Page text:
By Diogenes ( articles ) | Dec 12, 2006

The photo comes from the BBC and shows a lass in Chitral, Pakistan, on the way back to the barn after some high-altitude harvesting. Studying the image for a few minutes and wondering what the yield of the wheat on her back might be, I got to thinking about the effort of plowing, sowing, reaping, threshing, winnowing and milling entailed in the task of scraping a meal out of the earth -- and its connection to our use of wheaten bread in the Eucharist. At every Mass we hear the priest pray

Blessed are you Lord, God of all creation. Through your goodness we have this bread to offer, which earth has given and human hands have made ...

For most of us Web-rats, this means other hands, and by that fact we are separated from the huge majority of persons who have heard that prayer throughout the ages: folks for whom bread was not something you plucked off a supermarket shelf, but the outcome of exertions you could still feel in your shoulder muscles. The bread carried to the altar in the Offertory was, true, a symbol of divine grace aiding human effort, but it was more than a symbol -- both the effort and the grace were too obvious to be denied.

Take another glance at the girl, and think for a moment about the total food value (calories, protein, &c.) of the double-handful or so of grain yielded by the pair of modest sheaves she's hefting. I don't know what it is, but when it's measured against what the human body burns off in the process of getting it from the field to the table in the form of bread or porridge, it's going to be pretty close to a zero-sum effort. Our young harvester won't be getting fat on it. Here too the contrast with our own situation is stark. Not only are (relatively) few Westerners engaged in producing grain, but each worker vastly out-produces what he needs for his own sustenance. The disparity is not only economic, it's sacramental. There's a different spiritual relation between, on the one hand, a man and the bread that keeps him from starving, and between, on the other hand, a man and the bread that represents a guilty lapse from his Atkins diet. (To change the image somewhat, have you ever mentally congratulated yourself on a Davy-Crockett-Laura-Ingalls-Wilder rusticity -- not because you'd built a log cabin with a Bowie knife -- but because you purchased a loaf of unbleached multi-grain in preference to Wonder Bread?)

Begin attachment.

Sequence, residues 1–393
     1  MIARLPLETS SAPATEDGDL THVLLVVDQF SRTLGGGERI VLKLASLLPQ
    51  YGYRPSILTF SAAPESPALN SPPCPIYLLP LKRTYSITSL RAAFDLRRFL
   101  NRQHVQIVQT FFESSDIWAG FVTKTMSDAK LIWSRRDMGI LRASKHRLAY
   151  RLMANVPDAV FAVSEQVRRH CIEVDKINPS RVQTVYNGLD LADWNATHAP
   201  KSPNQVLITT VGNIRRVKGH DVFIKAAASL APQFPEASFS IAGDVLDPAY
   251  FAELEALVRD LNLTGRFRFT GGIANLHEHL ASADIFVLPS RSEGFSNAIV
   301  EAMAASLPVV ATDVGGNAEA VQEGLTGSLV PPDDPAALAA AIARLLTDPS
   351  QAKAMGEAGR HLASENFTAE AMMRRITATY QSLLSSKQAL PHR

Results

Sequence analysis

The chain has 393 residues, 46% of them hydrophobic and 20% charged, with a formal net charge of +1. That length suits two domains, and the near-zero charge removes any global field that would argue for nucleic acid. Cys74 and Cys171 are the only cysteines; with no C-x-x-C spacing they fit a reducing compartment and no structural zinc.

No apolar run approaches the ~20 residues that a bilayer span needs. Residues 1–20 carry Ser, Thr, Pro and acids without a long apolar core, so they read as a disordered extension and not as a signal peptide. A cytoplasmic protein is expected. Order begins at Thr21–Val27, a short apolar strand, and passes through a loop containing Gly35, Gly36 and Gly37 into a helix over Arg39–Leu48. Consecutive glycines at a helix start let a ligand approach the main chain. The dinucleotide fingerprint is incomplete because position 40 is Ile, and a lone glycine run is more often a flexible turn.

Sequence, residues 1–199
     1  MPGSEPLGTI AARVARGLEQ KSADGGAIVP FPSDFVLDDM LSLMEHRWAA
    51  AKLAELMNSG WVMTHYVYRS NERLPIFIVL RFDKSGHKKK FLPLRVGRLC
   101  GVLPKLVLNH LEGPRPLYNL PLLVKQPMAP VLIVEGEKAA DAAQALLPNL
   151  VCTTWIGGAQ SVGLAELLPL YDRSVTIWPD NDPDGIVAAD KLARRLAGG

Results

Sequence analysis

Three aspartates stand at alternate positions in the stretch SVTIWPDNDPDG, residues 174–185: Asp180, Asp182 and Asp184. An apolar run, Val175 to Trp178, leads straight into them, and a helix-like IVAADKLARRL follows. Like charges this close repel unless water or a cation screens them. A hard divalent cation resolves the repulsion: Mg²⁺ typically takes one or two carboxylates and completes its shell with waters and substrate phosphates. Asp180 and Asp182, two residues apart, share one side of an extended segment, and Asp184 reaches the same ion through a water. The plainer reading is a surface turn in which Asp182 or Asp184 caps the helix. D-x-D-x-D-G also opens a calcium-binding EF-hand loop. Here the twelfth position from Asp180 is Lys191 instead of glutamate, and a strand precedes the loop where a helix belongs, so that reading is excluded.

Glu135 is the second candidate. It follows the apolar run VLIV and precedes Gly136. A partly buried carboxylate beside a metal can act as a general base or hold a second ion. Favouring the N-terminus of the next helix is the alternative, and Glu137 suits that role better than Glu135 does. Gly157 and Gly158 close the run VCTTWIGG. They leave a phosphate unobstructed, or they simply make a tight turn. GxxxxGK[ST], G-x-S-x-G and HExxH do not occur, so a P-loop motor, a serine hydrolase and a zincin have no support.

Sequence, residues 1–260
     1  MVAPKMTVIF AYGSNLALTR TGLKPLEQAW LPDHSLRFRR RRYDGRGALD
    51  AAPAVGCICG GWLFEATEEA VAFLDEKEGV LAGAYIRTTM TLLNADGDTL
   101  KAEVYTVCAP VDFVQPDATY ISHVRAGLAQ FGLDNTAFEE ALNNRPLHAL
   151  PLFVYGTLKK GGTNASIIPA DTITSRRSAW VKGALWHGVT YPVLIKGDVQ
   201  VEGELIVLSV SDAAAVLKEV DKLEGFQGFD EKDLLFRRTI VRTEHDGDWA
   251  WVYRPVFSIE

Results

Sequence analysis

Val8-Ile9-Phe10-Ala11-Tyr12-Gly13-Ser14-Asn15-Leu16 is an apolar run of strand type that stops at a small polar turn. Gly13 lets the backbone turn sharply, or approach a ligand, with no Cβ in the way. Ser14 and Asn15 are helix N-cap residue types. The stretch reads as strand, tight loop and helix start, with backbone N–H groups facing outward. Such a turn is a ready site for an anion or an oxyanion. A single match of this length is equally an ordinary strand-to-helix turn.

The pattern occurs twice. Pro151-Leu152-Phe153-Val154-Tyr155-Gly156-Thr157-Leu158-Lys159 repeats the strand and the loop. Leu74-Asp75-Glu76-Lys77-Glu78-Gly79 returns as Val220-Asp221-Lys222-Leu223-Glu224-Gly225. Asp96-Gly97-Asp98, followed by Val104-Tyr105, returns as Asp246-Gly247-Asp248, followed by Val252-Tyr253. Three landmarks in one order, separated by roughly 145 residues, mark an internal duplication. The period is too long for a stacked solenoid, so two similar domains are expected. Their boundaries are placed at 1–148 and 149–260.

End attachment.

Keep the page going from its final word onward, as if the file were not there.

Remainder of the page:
The prosperous Westerner, accustomed to over-abundant harvests, is tempted to believe that the curse God put on the soil at Genesis 3:17-19 ("cursed is the ground because of you ... thorns and thistles it shall bring forth to you ... by the sweat of your brow shall you eat bread") has been lifted in his case. If he thinks about the source of his bounty at all, the image of the unloading auger on a combine harvester pouring a couple bushels per second into a truck bed is likely to reinforce his sense of sublime detachment from the common lot of man. Thus when he hears the priest's address to God, "through your goodness we have these gifts to offer," he may find it somewhat precious or contrived. After all, we've got nature beat: we call, she delivers. He may even think well of himself as generous enough to include a mention of God in the credits.

Of course, if someone were to twist the energy spigot shut, we'd all be in the position of the Pakistani girl within six months, but the problem is more basic. The Offertory Prayer continues "... it will become for us the bread of life." When our every animal hunger is not only satisfied but glutted, our hunger for the Bread of Life is in jeopardy. Even if the glutton feels what he calls a "spiritual hollowness" within, he's likely to see it as a problem to be solved, like corporeal hunger, by human ingenuity.

Imagine two Catholic congregations gathered for the Eucharist: the first at a place and time of material profusion, the second at a place and time where factors such as locusts or rainfall will decide how many of the worshipers of mid-summer will still be alive the next spring. Which is more likely to focus on God rather than the assembly? Which is more likely to fast? Which is more likely, in receiving the Body of Christ, to give thanks in the conviction that it's more than a metaphor?

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